Women Take Medical School Lead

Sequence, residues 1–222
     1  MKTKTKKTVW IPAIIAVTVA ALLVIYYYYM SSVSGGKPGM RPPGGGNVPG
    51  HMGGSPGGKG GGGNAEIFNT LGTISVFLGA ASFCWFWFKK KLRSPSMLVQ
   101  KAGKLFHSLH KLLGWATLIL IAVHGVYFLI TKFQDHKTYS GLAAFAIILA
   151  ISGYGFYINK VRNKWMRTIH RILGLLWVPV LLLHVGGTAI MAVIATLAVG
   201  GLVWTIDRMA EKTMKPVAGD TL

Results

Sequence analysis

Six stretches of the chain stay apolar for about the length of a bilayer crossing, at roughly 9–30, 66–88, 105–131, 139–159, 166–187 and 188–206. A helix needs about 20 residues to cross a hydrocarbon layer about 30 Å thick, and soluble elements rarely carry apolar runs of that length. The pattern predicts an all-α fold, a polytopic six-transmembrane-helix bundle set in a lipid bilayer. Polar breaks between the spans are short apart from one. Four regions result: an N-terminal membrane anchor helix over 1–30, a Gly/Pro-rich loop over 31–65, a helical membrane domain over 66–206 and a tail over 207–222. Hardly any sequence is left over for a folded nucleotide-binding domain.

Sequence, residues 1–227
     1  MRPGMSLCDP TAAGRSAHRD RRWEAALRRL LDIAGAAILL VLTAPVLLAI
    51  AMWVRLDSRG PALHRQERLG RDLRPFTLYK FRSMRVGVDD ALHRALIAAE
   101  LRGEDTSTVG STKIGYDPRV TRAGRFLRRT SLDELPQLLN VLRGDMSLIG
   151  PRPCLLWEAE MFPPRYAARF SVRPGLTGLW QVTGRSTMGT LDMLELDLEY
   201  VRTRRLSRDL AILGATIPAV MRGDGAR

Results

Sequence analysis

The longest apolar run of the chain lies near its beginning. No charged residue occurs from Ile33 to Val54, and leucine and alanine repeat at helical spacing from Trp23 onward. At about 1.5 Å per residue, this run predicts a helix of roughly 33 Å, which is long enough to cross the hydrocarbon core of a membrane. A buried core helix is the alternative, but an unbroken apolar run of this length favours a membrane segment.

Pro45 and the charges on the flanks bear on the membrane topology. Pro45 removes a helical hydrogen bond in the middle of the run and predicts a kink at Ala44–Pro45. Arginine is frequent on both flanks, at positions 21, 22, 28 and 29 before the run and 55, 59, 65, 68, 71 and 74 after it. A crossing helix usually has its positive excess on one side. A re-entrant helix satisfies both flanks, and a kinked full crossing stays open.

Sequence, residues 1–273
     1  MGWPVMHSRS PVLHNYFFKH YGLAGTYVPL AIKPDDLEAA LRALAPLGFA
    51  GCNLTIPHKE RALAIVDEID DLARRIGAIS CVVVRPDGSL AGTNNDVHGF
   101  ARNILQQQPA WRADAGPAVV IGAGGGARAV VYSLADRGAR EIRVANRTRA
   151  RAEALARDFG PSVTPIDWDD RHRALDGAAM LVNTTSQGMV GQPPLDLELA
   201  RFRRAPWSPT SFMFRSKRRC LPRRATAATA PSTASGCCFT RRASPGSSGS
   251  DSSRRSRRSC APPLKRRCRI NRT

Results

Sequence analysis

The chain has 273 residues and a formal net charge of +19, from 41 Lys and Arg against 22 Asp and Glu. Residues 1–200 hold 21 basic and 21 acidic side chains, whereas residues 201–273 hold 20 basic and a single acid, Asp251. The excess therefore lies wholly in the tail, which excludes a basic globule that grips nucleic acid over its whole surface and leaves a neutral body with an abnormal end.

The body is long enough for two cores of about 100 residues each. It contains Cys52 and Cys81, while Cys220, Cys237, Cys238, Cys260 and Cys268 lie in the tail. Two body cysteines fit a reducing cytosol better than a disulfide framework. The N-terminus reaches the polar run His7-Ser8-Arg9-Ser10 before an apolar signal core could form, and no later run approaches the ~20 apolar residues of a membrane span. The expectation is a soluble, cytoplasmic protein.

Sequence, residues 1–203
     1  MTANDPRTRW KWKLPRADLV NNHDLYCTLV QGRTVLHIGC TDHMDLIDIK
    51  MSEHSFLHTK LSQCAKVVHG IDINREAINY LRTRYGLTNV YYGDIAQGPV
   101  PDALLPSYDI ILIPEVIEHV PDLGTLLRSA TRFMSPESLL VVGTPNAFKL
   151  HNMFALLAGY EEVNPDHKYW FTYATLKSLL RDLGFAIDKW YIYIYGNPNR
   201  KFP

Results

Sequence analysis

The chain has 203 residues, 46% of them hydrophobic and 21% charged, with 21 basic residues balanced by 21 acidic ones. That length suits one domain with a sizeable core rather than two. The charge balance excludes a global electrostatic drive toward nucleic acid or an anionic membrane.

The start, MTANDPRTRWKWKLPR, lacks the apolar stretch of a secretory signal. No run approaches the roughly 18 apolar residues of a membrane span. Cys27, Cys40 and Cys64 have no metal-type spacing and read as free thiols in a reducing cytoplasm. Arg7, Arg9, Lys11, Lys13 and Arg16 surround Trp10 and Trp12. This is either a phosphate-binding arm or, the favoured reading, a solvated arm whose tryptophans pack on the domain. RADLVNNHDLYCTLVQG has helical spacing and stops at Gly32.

There are now more women in medical school than men according to the Association of Medical Colleges. This is no doubt a positive development as we move head first into an era when attention to behaviors and mental health are going to be front and center. ‘In our practice, we have 6 male partners and 3 female, and the ability of the women to get at the true cause of patient problems is so much better than ours,’ says Peter Rarnster, MD, a pediatrician. Women currently represent 50.7% of the 21,000 medical school enrollees, a small but meaningful lead. “I think it’s great that women are now attending medical school in record numbers. This means that women have access to fulfilling careers and patients are receiving care from a more diverse group of doctors,” says Laura Erickson-Schroth, MD, MA, a youth and LGBTQ+ therapist. The trend is a positive given recent trends in the medical field. Medical school applications have been in decline worldwide, according to a New York Post piece, as many students are opting to pursue more lucrative careers in STEM-related fields. Millennials have halted careers in nursing and the Association of American Medical Colleges projects a shortage of  100,000 US doctors by the year 2030. Several factors will contribute to this – population growth, an increase in the number of aging Americans and the retirement of practicing doctors. But renewed interest in the medical profession among women is a positive development. The profession itself is changing – with more roles outside of buildings and clinics, more roles to treat people in their homes and to help understand, monitor, and shape their behaviors. Given the growth in physician-home health businesses focused on behavioral health, it’s not a stretch to say that the opportunities for women to re-invent the field are very clear, and perhaps by 2025, the mix of women in medical school will be 60%.

 

 

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